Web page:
In a landmark decision which will increase the pay packets of millions of workers, the Employment Appeal Tribunal (EAT) has ruled that those who are required to work overtime are entitled to have that taken into account when calculating their holiday pay.
The decision mandated widespread increases in holiday pay. However, the prospect of an avalanche of retrospective claims in respect of unlawful deductions from wages, potentially worth billions, was dispelled after the EAT ruled that any such complaints had to be brought within a three-month time limit.
The EAT was dealing with three appeals which raised similar issues of principle. In each case, workers claimed that they had received too little holiday pay because overtime which they were obliged to work, but which was not guaranteed by their employers, had been left out of account when assessing their entitlement.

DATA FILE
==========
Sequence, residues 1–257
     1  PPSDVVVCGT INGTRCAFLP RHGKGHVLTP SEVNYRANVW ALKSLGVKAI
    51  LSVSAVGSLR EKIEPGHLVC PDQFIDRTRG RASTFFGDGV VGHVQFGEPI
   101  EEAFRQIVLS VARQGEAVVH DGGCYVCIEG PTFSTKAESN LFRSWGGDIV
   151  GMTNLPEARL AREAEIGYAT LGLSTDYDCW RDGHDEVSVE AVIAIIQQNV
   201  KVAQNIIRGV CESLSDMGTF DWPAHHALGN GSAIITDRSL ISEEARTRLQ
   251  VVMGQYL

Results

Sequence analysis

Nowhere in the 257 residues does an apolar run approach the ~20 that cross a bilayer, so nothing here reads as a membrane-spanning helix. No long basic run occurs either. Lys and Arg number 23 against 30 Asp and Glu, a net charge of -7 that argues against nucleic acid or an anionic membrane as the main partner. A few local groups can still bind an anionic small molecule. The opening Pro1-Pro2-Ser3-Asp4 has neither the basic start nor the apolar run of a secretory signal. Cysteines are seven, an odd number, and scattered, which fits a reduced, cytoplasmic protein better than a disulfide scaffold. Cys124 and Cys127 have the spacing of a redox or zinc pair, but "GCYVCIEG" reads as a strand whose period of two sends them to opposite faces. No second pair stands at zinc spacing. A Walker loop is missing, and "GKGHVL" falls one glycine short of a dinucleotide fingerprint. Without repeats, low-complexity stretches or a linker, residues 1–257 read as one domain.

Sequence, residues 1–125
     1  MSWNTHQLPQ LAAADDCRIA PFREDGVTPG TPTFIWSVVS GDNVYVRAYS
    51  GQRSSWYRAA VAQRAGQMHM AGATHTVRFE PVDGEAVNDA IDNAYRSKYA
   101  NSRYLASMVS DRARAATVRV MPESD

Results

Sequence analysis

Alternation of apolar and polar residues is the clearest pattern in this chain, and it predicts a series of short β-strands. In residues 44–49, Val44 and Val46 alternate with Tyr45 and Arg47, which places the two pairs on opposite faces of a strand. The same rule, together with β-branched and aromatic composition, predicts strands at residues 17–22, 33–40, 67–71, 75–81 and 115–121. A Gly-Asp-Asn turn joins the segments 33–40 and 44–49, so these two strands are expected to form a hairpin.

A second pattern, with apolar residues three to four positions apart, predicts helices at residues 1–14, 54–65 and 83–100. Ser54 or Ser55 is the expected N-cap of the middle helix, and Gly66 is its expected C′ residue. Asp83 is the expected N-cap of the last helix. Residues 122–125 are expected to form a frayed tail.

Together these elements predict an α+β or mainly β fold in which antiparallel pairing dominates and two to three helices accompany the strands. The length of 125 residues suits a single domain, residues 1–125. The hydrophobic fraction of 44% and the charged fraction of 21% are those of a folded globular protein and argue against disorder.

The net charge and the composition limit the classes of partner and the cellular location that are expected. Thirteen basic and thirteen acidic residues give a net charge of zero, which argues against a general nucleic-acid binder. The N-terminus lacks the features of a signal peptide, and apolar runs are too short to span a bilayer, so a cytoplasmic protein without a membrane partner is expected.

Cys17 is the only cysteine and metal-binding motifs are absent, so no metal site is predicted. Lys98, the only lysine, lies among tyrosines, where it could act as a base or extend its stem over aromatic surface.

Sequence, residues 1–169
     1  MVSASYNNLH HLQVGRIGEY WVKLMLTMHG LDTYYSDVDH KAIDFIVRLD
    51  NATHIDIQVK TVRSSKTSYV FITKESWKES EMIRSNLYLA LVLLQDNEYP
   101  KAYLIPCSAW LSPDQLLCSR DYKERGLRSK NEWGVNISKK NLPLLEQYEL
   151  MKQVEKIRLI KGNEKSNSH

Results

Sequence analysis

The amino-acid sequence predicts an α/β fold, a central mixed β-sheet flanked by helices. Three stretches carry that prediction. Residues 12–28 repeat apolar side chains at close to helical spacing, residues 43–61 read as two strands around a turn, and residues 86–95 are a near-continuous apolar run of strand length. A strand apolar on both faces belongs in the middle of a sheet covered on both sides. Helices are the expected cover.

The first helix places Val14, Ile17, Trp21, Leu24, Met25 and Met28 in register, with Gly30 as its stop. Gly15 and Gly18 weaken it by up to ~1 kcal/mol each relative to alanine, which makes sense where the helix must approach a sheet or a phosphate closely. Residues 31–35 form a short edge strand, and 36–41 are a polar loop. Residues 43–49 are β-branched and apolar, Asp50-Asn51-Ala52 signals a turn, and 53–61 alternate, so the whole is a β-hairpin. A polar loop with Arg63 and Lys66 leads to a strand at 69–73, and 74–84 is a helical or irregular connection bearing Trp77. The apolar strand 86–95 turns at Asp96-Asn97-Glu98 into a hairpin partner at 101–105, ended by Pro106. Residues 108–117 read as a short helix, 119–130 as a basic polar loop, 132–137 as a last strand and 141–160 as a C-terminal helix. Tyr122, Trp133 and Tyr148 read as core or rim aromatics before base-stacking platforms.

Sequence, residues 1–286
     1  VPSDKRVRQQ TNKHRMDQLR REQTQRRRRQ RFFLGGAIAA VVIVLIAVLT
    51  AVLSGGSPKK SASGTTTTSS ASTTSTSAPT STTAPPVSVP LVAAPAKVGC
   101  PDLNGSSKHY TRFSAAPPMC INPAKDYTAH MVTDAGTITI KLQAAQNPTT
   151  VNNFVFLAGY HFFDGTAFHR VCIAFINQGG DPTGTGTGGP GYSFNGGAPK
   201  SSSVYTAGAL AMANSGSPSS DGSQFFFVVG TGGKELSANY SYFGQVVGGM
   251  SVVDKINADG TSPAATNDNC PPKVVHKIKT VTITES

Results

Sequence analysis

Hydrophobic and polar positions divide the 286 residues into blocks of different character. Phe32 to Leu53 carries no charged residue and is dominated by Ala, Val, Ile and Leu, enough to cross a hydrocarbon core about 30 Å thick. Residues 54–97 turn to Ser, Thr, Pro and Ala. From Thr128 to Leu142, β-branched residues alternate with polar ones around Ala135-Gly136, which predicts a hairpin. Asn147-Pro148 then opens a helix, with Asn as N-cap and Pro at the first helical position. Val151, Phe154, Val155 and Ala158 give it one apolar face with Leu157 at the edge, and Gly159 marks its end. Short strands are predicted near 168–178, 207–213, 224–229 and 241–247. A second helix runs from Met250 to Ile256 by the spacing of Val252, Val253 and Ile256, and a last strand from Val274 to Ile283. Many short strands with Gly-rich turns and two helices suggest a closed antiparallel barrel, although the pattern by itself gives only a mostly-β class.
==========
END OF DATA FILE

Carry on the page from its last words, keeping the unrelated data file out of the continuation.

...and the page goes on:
Ruling in the workers’ favour on that issue, the EAT found that remuneration they received for overtime which they routinely worked as part of the ‘settled pattern’ of their employment was ‘normal pay’ which was ‘normally received’. Such overtime pay thus had to be taken into consideration when calculating holiday pay under the terms of the Working Time Regulations 1998.
However, the EAT went on to find that claims in respect of unlawful deductions from holiday pay were subject to the three-month limitation period contained within the Employment Rights Act 1996. That decision greatly limited any retrospective liability on the part of employers and effectively ruled out a large number of historic claims which had been awaiting the outcome of the test case.